Saro-Wiwa's narrative begins in the small Rivers community of Dukana and rarely leaves the area. As Mene circulates around his rural district as a truck driver's apprentice, he hears talk of disturbing events happening elsewhere in Nigeria. He marries one of the refugees from the West and the North trickling into the area. As rumors of war grow in intensity, Mene decides to enlist. After training camp, Mene proceeds to a Rivers war front. When an air attack decimates his company, Mene runs into the forest. An enemy unit later captures him and takes him to a prisoner of war camp. Under duress; a confused Mene changes sides and becomes a driver. On one of his missions, he takes a detour and visits a nearly abandoned Dukana. He deserts his post to search for his missing wife and mother. He goes from one refugee center to another before encountering many of his townspeople. Rather than welcoming him, his townspeople turn him in as one of the "enemy." He is taken to a prison where he is almost executed. Only the sudden ending of the war saves him. When he travels back to Dukana, he learns that a bomb had killed both his wife and mother some time earlier. His townspeople now consider him a malevolent spirit. They scheme to bury him [10] to end the town's afflictions. Upon detecting his townspeople's plan, an embittered Mene leaves Dukana.

A mutual desire to survive prompts the journeys of these protagonists. Amadi's journey leads to increased social prominence. Once Federal troops take back Port Harcourt, he rises rapidly in the re-occupation hierarchy. He has private breakfasts with top military brass. The Nigerian Head of State, General Yakubu Gowan, even sits through a performance of one of his plays. Strangely, though, Amadi's war apparently changes him little. His confidence and probity survive intact. His style remains detached, abstract, a little bit stiff.

At the end of Mene's journey, he has lost everything—job, family, community. However, he does realize a degree of inchoate self-knowledge. Even more significantly, he devises a language that transmits every fragmented nuance of what he saw and felt. Mene's dialect mingles "Nigerian pidgin English, broken English and occasional flashes of good, even idiomatic English." [11] It communicates with extraordinary suppleness his initial confusion and gradual understanding. When his community forces him into exile, this "rotten English" becomes his only possession, the last remaining anchor of his dislocated cultural identity.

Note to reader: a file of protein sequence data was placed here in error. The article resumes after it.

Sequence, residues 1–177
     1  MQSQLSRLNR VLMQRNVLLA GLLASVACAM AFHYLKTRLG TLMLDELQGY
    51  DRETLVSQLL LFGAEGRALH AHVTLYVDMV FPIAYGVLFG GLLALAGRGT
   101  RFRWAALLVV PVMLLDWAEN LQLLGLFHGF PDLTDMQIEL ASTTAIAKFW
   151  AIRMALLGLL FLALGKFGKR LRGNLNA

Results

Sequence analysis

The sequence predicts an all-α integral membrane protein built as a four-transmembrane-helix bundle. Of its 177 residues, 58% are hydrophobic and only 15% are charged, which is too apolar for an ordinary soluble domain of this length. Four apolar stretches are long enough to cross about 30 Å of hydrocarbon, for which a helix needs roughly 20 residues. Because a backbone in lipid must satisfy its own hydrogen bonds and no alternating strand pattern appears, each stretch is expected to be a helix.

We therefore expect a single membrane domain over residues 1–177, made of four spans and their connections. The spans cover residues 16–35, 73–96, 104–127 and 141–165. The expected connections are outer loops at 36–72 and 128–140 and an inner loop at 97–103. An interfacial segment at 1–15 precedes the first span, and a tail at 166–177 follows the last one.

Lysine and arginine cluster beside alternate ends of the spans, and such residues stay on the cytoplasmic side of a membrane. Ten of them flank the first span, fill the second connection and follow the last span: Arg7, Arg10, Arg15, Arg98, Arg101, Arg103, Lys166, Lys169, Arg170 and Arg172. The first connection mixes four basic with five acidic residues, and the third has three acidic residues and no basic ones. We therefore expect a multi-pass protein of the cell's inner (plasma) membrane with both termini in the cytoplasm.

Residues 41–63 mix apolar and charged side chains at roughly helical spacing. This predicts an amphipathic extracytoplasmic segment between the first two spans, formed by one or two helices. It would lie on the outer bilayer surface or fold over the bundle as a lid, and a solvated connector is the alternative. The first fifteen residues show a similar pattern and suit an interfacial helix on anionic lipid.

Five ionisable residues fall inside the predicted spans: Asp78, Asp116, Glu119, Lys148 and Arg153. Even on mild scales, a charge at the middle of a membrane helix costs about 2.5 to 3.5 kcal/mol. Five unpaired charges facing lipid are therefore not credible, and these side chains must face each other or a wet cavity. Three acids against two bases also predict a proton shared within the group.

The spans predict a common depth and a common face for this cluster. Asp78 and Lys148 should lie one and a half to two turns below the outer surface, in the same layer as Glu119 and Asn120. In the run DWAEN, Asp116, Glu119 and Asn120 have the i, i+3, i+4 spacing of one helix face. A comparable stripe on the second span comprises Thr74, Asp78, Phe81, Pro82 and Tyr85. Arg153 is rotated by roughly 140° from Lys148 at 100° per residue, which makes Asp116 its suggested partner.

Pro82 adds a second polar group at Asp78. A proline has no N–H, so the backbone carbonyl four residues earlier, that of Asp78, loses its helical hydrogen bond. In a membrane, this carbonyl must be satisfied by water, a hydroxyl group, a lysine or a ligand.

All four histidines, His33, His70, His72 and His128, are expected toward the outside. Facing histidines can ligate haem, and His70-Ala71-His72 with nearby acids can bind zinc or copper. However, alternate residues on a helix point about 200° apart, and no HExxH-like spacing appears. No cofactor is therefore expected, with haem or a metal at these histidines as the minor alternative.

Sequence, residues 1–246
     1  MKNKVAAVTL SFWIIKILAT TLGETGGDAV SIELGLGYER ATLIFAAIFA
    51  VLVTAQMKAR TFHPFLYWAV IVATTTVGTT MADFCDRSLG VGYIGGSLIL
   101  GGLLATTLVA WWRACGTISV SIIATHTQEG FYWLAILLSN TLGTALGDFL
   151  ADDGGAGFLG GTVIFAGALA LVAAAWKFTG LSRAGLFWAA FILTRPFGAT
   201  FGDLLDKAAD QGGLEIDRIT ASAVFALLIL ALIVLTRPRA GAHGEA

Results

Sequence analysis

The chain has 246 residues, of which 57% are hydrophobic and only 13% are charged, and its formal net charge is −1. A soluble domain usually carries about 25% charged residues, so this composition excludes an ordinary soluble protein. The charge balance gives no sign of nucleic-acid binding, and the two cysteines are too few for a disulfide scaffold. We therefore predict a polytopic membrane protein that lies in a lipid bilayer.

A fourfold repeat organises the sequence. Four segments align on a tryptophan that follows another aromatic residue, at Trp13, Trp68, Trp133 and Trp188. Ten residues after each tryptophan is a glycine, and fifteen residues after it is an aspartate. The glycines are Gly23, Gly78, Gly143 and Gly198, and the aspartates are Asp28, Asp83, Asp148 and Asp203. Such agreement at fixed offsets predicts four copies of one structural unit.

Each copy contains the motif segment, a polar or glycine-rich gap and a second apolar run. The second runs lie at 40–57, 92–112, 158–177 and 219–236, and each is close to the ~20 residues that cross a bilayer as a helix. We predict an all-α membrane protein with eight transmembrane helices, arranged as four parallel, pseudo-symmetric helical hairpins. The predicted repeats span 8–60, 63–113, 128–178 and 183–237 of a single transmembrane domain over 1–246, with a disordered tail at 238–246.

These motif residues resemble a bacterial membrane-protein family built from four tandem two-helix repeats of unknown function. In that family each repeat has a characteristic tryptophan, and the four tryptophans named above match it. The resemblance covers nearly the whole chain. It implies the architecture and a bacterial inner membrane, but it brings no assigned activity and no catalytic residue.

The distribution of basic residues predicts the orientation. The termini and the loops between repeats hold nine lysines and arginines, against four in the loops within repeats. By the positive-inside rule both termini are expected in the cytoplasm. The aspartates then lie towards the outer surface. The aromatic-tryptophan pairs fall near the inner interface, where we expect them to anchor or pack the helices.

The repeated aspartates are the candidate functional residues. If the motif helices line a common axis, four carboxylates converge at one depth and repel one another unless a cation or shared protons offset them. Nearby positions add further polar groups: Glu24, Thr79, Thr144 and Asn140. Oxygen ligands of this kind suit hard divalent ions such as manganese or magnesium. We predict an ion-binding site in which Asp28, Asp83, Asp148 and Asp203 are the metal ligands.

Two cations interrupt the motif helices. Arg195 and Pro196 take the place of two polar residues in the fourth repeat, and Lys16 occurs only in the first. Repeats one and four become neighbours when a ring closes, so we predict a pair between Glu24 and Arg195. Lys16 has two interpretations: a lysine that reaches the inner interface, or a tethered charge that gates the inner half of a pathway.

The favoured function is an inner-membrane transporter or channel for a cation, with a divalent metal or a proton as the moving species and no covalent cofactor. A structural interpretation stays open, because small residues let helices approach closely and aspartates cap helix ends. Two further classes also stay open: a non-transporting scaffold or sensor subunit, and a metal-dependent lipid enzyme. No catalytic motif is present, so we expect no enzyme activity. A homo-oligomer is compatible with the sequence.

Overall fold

Amadi and Saro-Wiwa use greatly dissimilar styles in their accounts of the "Biafran" conflict. Where Amadi seeks a smooth, writerly surface, Saro-Wiwa strives for a jagged hyper-orality. These contrasting stylistic choices offer radically different readings of this period's history. Amadi encases his Apollonian reflections in a somber prose:

The earth had become a monster, a ubiquitous monster, licking her fangs yet in no hurry to swallow me up. She sneered at me as I trod on her, she laughed at me as I ate, knowing she was fattening me for the kill ... Life was a bitter, cruel dream, arranged by a sadistic god! [12]

Amadi uses this ponderous prose in the service of a historical "pageant." He mounts this pageant in a mixture of interiors—the cool, colonial grandeur of the Zaria Officers Mess; the dignified clutter of a staff commons area; the tense starkness of a police interrogation room; the dank claustrophobia of a prison cell. When he exits these interiors, he relinquishes his powers of description. He rarely depicts the tropical environment surrounding him. His landscapes are "inscapes," and the undefined spaces of Amadi's Rivers raises interesting questions about the true nature of his "local" ties.

Other aspects of Amadi's pageant further highlight the ambivalence of his "Rivers" cultural identity. He builds his pageant around three elements: dialogues, historical interpolations and tableaux. The dialogues are lengthy, stagy exchanges between Amadi and the other "pageant" "cast" members. However, these dialogues rarely involve members of his community who lack individuality. These dialogues often give way to "historical" commentaries where Amadi airs his views on some of the issues at stake in the "Biafran" conflict. Terse and formal, these short essays on such topics as military strategy and "minority" rights portray the moderating influence of Amadi's Ibadan education. However, they never dwell specifically on Ikwere or Rivers history. In the third, most revealing element, Amadi constructs literary dioramas of war-time suffering:

The police cell was more crowded. There were over seventy of us in three rooms. Actually there were more than three rooms, but the others were unusable. Detainees defecated and urinated freely in them and the stench which permeated the occupied rooms was difficult to bear. Again, there were the bedbugs. I had not seen such a dense population of them before. There were many cracks in the wall, especially near the floor, and these were crammed with fat bedbugs. At night they descended on the inmates and fed well. [13]

These tableaux strain for universality. In so doing, they underscore Amadi's desire to link his modes of representation to a long line of English literary progenitors. Keats, Shelley and Shakespeare all make an appearance. However, Amadi never cites Nigerian writers and only rarely alludes to Ikwere or other Rivers cultures. When such "local" references do unfold, Amadi either presents them as touristic forays into the "other" or as manifestations of something ancient and ineffable.